From 10:17 a.m. Pacific time until 2:47 p.m. Eastern time, give or take a few minutes before and after, on Monday, Aug. 21, millions of Americans will be watching — safely, please! — the first total solar eclipse visible in the continental United States in more than 38 years. The line shows the entire path of totality across the contiguous United States for the Aug. 21, 2017 total solar eclipse. Click image for a larger view. (Map by Ernie Wright, NASA/Goddard/SVS) That also likely will mean a big boost in businesses, both long-established and pop-ups related to the astronomical event... Read more →


Many drivers worry about the accessibility of electric vehicle recharging stations. That's not a problem for the owners of these electric cars charging along an Ontario, Canada, street. (Photo courtesy EVObsession.com) President Donald Trump signed an executive order today designed to streamline the approval process for building roads, bridges and other infrastructure. Contractors and the transportation industry say that will help improve the building and repair of the country's roads, bridges and other infrastructure projects. Critics say the Administration's approach could lead to rubber stamping permits without adequate scrutiny, especially when it comes to environmental effects of such construction. One... Read more →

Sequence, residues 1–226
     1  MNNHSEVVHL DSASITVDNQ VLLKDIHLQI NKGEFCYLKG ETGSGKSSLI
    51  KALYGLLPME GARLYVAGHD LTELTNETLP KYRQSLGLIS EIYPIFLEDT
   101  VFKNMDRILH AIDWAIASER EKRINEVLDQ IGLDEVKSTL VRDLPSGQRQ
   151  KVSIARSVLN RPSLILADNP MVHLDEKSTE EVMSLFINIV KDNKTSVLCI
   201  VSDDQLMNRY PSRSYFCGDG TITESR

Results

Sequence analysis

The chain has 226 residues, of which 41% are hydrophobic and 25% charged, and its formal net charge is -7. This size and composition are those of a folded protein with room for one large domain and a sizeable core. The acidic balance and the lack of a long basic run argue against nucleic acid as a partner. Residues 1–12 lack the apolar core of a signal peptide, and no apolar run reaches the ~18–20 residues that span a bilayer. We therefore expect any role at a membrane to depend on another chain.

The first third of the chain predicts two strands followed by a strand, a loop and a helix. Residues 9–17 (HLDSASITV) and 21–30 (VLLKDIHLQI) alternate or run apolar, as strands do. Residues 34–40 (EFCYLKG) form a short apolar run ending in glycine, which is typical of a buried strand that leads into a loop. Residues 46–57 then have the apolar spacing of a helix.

Downtown Seattle seen from Queen Anne Hill, with the Space Needle standing out and Mount Rainier in the background. (Photo by Rattlhed via Wikimedia Commons) Washington is one of seven states that does not have a personal income tax, but it’s largest city plans to collect one from its wealthiest residents. If the courts let it. On July 14, Seattle City Council bill 119002 became ordinance 125339, which beginning in 2018 will officially impose an income tax on high-income residents. The 2.25 percent tax will apply to individuals within the city's borders with an annual income exceeding $250,000 a year,... Read more →